Sunday, February 21, 2016

Bill Cosby Made One Good Decision (Core Post)

As a middle-class white kid growing up in Washington, D.C. in the 1980s, The Cosby Show was a tremendously important show that was not only totally "appointment TV" but also helped me develop my growing sense of fairness, love of family, and racial visibility. Acham is totally correct in her article that the show was not about the blackness of a black family and only occasionally dealt with racial issues. At the same time, having a black family on TV every week (and quickly syndicated several times a day) was significant for me. Living in Washington, where the population at the time was about 65% African American, I didn't really understand that showing a black family was unusual. I took for granted that some families were white and some were black (both inside and outside my school). The Huxtables were probably more like my family, with two working parents—albeit with more kids than in my house—than many other families on television (Silver Spoons, Who's the Boss?, Kate & Allie). I knew they did not physically look like me, but it felt similar to my experience (probably aided by my dad, like Cliff, also having his office in our home).

Acham points out that the cultural specificity of the Huxtables was a half-step removed from the thematic content of the episodes, for instance, the art on the walls including "[paintings] by African American artist Varnette Honeywood...hung in the [the] home. There were also framed pictures of African American historical figures such as Martin Luther King and Frederick Douglass" (107). She doesn't mention how the costumes on the shows were frequently more related to black fashion than white trends. Cliff became a fashion plate for amazing sweaters, which were not necessarily black, but also not conservative the way a white Ob/Gyn would otherwise dress on a network show. (Just googling "Cliff Huxtable" now, the first autofill suggestion is "Cliff Huxtable sweaters".) The eponymous item in the iconic episode "A Shirt Story," where Denise makes Theo a copy of a designer shirt to save him money, would have been unlikely to appear in the closets of many white teens. There was never a question for me that I was watching a show about an African American family, however I think not confronting many issues related to race made their difference from me something that became a asset rather than a deficit.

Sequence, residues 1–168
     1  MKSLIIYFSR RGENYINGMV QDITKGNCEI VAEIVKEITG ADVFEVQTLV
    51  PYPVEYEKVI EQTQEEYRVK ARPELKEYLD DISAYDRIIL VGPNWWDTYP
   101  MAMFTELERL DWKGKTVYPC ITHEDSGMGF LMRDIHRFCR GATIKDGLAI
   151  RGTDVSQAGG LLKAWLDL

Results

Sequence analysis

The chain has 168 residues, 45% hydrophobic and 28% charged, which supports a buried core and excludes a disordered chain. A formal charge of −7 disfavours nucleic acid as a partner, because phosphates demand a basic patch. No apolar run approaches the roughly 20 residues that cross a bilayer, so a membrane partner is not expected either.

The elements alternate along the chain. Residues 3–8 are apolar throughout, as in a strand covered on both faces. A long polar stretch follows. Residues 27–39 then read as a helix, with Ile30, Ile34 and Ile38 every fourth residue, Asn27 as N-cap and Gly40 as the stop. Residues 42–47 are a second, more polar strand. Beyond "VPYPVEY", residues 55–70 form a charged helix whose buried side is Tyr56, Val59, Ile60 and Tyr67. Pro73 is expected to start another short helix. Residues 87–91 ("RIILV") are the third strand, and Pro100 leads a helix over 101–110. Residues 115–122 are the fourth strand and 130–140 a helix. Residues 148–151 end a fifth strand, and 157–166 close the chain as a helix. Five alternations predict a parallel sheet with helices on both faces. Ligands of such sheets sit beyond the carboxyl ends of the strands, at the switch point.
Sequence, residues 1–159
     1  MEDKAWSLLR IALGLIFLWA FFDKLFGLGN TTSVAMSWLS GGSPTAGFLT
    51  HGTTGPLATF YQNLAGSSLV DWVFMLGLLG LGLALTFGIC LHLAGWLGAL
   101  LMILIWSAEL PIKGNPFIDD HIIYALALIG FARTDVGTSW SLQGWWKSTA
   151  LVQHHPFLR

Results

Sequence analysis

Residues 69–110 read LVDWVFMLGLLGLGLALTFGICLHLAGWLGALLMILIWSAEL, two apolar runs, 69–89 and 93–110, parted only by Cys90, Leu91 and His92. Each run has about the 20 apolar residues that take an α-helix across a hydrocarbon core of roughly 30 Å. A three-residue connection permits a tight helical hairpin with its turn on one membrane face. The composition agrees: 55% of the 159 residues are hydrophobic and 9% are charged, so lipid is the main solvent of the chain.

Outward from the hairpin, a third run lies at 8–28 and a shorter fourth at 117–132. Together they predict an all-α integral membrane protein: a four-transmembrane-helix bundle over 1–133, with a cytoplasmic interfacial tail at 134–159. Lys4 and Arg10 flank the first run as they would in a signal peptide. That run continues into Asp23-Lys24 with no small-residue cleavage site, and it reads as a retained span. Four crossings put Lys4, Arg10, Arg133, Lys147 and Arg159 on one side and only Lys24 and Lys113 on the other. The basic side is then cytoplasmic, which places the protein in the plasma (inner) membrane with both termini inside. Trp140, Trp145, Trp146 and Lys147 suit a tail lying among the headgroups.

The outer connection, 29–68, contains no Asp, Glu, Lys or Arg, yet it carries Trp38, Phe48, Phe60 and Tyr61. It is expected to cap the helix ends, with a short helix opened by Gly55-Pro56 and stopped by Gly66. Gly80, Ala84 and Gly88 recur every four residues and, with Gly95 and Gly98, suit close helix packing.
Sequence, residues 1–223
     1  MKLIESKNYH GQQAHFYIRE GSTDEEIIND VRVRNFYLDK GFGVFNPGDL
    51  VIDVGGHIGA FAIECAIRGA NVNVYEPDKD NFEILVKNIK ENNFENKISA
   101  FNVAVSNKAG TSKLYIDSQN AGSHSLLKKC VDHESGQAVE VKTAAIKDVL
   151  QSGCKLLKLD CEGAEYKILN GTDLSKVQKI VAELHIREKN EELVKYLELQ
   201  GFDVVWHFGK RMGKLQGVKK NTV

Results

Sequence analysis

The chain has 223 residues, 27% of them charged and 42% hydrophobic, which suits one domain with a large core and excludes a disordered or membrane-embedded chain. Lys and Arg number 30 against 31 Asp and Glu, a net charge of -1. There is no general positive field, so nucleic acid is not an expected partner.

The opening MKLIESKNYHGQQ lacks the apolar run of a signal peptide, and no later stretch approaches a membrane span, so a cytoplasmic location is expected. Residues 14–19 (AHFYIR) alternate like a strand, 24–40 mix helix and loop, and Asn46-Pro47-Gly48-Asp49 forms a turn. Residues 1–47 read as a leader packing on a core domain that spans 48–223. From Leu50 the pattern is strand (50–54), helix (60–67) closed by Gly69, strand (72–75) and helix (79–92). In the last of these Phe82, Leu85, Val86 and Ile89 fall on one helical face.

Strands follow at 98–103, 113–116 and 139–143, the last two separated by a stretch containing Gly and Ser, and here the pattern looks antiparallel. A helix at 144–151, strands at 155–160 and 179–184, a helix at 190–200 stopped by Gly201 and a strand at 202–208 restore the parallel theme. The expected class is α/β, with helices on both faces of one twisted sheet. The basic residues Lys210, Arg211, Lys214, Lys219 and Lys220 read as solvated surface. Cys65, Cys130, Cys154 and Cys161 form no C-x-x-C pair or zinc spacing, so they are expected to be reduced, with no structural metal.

Following this show (and A Different World, which was better than The Cosby Show in its later seasons, though took a similar reticence about dealing with many overt issues of race, even at an HBCU), The Fresh Prince of Bel-Air was probably the next family comedy I watched that focused on a black family. The added complication here was that it showed that some families (black, white, or otherwise) have more complicated structures. I didn't know anyone who lived with people other than their parents and it was important for me to understand that family structures did not have to be "traditional" (in a Moynihan Report sense). Following this, I loved The Bernie Mac show (produced by Larry Wilmore), which added another complication to the Cliff Huxtable/Philip Banks father-knows-best model. The show's premise is that Mac, playing a fictionalized version of himself, is raising his sister's three kids because she is struggling with drug addiction. (If you haven't watched the show you should because it's hilarious.) The show knows it's on the same family road as Cosby, but it takes a different angle by dealing with issues of race directly. I don't know if it would have been as successful if the audience, black or otherwise, had not "grown up" with the model set by Cosby.

Today we have Black-ish (also produced by Wilmore) and I wonder if this is the postmodern response to all of these shows. It's about blackness, but also about being a family. It shows the complicated nature of parents and kids regardless of where they live or the color of their skin. It knows who came before it and sometimes pokes fun at its influences and itself. Meanwhile, even when it doesn't directly deal with issues of race I think a non-black kid growing up today and watching that show will appreciate that it's about a black family, full stop. The visibility of difference means a lot to all viewers.

1 comment:

  1. Hi Aaron, thanks for your response. I think you're right that The Cosby Show offered an "in" for white viewers, and that legacy has continued in some shows since Cosby's debut. I think Acham would agree that The Cosby Show renders blackness accessible for white viewers...but that therein lies the problem. Ultimately The Cosby Show perpetuates a politics of appeasement and respectability that does more for the comfort of white audiences than it does for the lives of POC.

    Take for instance what she says on page 108: "By drawing parallels between The Cosby Show and the positive outcome for minorities and the poor who exhibited a strong work ethic, Bauer used The Cosby Show and its black family as evidence to make a comment on race and poverty in American society. As the fictional minorities on The Cosby Show seemed to indicate, if you just worked hard enough you could achieve the American Dream." Esposito problematizes American meritocracy quite well, and I think Acham's point here also speaks to that. The Cosby Show, in furthering this meritocratic notion of American identity, becomes the hegemony's justification for its perpetuation.